There is a myth that has been going around for YEARS that if you run Windows on a computer that it is automatically going to become infested with viruses. It is perpetuated by many, particularly in the “I’m a Mac, I’m a PC” ads, but also by the companies that create anti-virus software in hopes that you’ll buy their product to protect yourselves from the inevitable technological intrusion into your virtual computer space. And most of us buy into it. The truth is, that it is NOT true that running Windows will guarantee that you’ll become infested with viruses. (I’ll prove it later in this post.) Windows in and of itself is not the problem. The problem isn’t even technological at all. It’s social.
The term used to describe the techniques used by viruses writers to get their software onto your computer is actually called “social engineering.” Basically it means they trick you into installing the viruses on your computer. They’ll do things like disguise their software as something else that you’re likely to want or want to see. They use methods to make you believe that these things are coming from trusted sources, like friends or family. Combined, those are pretty effective methods. (And truthfully, these same methods work on ANY operating system; they aren’t specific to Windows.)
This might be a blow to the ego of some, but if your computer has become infested with a virus, it is because you let it install itself. You opened a file you shouldn’t have. You installed some software you shouldn’t have. You are the one to blame that it is there. Please don’t blame your computer. Don’t blame your operating system. You did something that let the bad stuff in. The wolf knocked at your door, and instead of replying with a “not by the hair of my chinny-chin chin” you said “come on in.”
Personally I don’t run anti-virus software. I never have. I do install it, because that’s what you’re “supposed” to do, but I don’t let it run scanning and watching my computer all of the time. After I install it the very first thing I do is disable it. I don’t like the slowdown that comes with having everything I do be monitored by bloated software that isn’t going to find anything anyway. And despite the fact that I do not run antivirus software, I have NEVER had a single virus on ANY of my computers. Ever! I’ve been running Windows for nearly 15 years and I haven’t had a virus yet. I’ll run anti-virus scans every once a while just to make sure that I’m still clean, but NONE of those scans have EVER found even a single virus.
If susceptibility to viruses was a technological problem with Windows, my computers would be massive infestations of virus muck. They wouldn’t be usable. And they’d be out there trying to find ways to infect others. How have I been able to remain clean? Just by being careful about what I install and keeping my computer up to date with security patches. That’s it. No more. No magical hardware firewall watching my Internet activity. No magic fairy that shows up in the middle of the night to clean off anything that may have arrived that day.
But the situation gets even worse for the theory that Windows inherently becomes infested with viruses when I tell you that I also don’t run any firewalls. Yep, I turn those off too. And here’s another kicker… I break the cardinal rule of data security: three of my computers have public IP addresses (meaning they are totally exposed to, accessible from, and visible to the Internet). Gasp! That’s an absolute security no-no! Nobody should EVER run Windows with a public IP address, right? Well, I wouldn’t recommend it for most people, but the truth is that Windows, despite its many flaws, is not the primary cause of viruses becoming installed on our computers, so I really don’t worry about it. Viruses are installed by people, not their operating system. It’s people tricking other people into installing their ill-intended garbage that gets computers infected.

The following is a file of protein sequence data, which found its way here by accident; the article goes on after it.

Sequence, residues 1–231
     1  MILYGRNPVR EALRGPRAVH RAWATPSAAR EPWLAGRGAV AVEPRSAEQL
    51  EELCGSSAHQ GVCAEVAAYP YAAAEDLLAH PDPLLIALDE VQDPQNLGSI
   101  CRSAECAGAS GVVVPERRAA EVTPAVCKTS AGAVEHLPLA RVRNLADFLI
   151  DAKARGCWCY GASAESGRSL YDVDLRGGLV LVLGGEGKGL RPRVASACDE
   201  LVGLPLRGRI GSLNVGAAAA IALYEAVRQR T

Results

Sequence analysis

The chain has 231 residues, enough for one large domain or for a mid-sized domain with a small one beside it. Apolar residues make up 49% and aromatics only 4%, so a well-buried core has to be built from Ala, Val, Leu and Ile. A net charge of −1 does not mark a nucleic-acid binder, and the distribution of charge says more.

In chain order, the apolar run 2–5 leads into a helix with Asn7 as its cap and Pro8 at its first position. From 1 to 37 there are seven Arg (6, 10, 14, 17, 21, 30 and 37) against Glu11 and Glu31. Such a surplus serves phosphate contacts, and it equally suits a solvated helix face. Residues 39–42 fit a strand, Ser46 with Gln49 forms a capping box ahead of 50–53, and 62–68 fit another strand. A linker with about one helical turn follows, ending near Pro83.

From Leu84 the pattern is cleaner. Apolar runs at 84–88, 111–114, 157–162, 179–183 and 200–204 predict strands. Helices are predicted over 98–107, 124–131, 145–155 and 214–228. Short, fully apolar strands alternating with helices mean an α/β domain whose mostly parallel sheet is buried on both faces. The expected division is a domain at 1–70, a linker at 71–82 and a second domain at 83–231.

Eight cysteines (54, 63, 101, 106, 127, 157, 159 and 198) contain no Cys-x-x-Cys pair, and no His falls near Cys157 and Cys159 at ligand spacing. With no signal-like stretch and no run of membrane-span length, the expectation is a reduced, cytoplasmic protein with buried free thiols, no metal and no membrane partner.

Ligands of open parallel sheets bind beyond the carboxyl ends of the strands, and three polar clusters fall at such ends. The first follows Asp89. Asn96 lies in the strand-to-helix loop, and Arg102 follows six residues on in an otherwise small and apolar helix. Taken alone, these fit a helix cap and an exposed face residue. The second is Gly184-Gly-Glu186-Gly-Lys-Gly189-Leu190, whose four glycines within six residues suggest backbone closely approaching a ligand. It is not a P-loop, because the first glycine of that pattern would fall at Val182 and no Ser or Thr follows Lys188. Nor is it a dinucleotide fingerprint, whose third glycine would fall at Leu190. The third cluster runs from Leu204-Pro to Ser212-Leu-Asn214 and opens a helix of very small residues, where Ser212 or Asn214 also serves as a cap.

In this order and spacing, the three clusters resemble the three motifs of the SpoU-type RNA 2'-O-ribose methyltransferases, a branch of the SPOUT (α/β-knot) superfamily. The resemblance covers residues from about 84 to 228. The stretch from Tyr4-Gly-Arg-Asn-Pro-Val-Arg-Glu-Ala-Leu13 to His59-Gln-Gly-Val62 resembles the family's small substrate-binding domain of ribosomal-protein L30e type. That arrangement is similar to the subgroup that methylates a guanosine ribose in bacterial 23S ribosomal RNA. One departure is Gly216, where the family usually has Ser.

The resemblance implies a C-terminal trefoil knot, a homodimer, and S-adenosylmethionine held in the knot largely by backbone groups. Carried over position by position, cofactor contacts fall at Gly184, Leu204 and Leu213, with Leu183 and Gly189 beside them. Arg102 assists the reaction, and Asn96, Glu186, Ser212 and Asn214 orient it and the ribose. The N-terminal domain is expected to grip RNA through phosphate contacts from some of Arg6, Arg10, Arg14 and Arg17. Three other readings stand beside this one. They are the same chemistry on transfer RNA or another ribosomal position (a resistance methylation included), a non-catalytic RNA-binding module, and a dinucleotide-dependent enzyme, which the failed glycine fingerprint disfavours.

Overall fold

I’m not the only one that doesn’t run anti-virus software. In a recent episode of the Security Now podcast, noted security expert Steve Gibson also admitted that he doesn’t run it either. If a security expert doesn’t run it, then the computer he’s using isn’t the main cause of the problem, is it!?
So why do Windows PCs so often have viruses? Mostly because they’re so popular. If you’re someone conjuring up evil plans to take over the world by creating virus software, who are you going to target? The 90% of computers running Windows? Or the 7% running a Mac, or 1% running Linux? Which offers a better return on your time investment?
Windows XP also made an easy target because it makes it so easy to install software. No password or validation required to do an installation; installers can just run and do whatever they please whenever someone starts them. (That has changed with Vista; passwords and validation are required there, just like OS X and Linux.) Not requiring a password to install has never been a good idea, but it isn’t the cause of viruses on computers. It just made it easier for the bad guys. Big difference. And viruses are software; they just have a different intent than something like Firefox.
With all of this said, I will not recommend that most people run without anti-virus software or a firewall. Most people should take those steps to protect their machines. But these tools are just extras layer of protection; they should not be the only form of protection used. Neither will ever be able to make up for all of the shortcomings of someone using a computer. Even with both installed, it’s still up to you to avoid the bad stuff. And that, my friends, is a social problem, not a problem with technology.